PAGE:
What Makes George Washington A Good Leader

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George Washington Ashley Huffman History 102 Western Civilization II When I think of good political leaders I think of many different aspects. Honesty, ability to delegate, good communication with other leaders and the people they are leading, confidence, commitment, positive attitude, creativity, intuition, ability to inspire, a sense of humor, and faith in God. “The saying is trustworthy: If anyone aspires to the office of overseer, he desires a noble task. Therefore an overseer must be above reproach, the husband of one wife, sober-minded, self-controlled, respectable, hospitable, able to teach, not a drunkard, not violent but gentle, not quarrelsome, not a lover of money. He must manage his own household well, with all dignity…show more content…
The lack of money after his father died prevented him from studying in England (Mount Vernon 2014). He was very sensitive about his lack of education so he set upon his own pursuit of self-education. He was constantly looking for new texts on many subjects that ranged from military arts to agriculture and political topics (Mount Vernon 2014). At seventeen, George Washington learned to be a surveyor. Since it was such a new and important trade he learned the geometric principles necessary for surveying. In 1751 George Washington went to Barbados with his half-brother where he contracted smallpox. He was able to recover from the illness and inherited an immunity to smallpox. This was crucial in the American Revolution, when the country was threatened by the smallpox epidemic (Mount Vernon 2014). In 1761, George Washington inherited Mount Vernon. By the end of his life he had expanded his land holdings to 8,000 acres, with 3,000 acres under cultivation (Mount Vernon…show more content…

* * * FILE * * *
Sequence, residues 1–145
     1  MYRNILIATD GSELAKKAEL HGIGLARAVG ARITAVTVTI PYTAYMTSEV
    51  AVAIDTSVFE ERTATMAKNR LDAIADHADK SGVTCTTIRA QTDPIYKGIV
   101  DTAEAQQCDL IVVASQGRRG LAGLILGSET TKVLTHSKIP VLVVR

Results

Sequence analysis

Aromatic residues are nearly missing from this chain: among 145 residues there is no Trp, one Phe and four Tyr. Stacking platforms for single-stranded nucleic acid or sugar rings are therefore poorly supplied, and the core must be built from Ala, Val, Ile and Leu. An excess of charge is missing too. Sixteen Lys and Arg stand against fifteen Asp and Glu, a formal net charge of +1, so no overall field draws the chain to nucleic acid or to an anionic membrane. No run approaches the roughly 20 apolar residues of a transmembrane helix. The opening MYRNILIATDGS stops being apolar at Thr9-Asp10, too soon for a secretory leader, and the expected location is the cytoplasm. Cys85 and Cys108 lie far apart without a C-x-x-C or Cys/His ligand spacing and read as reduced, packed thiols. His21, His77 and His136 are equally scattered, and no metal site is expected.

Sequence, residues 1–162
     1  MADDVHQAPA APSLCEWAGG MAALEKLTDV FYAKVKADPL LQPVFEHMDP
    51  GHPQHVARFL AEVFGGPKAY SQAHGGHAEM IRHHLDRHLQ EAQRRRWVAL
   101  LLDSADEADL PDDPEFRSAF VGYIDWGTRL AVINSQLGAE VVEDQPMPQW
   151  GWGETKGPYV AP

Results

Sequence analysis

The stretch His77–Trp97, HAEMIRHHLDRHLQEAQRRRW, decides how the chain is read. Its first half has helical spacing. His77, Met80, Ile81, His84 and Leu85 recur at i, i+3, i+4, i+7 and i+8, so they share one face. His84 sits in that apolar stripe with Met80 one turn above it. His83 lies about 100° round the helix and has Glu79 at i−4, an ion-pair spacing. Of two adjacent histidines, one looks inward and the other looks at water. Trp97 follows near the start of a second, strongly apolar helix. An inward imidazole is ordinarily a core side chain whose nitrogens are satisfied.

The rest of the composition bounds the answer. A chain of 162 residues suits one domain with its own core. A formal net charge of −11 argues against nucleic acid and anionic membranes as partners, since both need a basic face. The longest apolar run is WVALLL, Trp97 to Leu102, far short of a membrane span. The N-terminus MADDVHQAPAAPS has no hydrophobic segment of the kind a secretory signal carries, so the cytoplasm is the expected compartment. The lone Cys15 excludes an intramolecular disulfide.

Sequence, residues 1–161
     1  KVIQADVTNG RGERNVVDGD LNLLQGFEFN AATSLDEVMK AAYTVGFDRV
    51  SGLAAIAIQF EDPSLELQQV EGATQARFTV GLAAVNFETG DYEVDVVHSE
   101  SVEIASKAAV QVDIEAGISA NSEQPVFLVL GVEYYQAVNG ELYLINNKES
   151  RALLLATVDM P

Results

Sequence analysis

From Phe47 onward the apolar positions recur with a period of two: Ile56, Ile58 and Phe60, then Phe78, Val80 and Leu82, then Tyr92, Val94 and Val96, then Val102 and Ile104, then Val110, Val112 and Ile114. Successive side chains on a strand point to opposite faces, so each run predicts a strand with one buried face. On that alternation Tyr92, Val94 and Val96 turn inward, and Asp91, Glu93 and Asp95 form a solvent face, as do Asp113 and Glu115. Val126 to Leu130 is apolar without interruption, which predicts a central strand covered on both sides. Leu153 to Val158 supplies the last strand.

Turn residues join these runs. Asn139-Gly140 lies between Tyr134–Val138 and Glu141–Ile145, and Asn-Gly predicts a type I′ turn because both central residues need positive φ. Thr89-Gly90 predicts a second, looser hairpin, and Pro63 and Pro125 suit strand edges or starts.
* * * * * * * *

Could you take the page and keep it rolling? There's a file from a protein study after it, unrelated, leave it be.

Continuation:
“And you will hear of wars and rumors of wars. See that you are not alarmed, for this must take place, but the end is not yet.” Matthew 24:6 (ESV 2001). He guided his army with republican principles and with the help of his spies, Washington deceived the British public and their military commanders (Halverson 2010). Washington rarely discussed his intentions after meetings with his officers which made gaining information for the British spies even harder. Washington pushed his intelligence officers to determine not only military intelligence and tactical information but also find information regarding the enemy’s fortifications and movements. He had them engage in counterintelligence by kidnapping valuable people, use false information, live among the enemy, and had them employ their own operatives outside his command (Halverson

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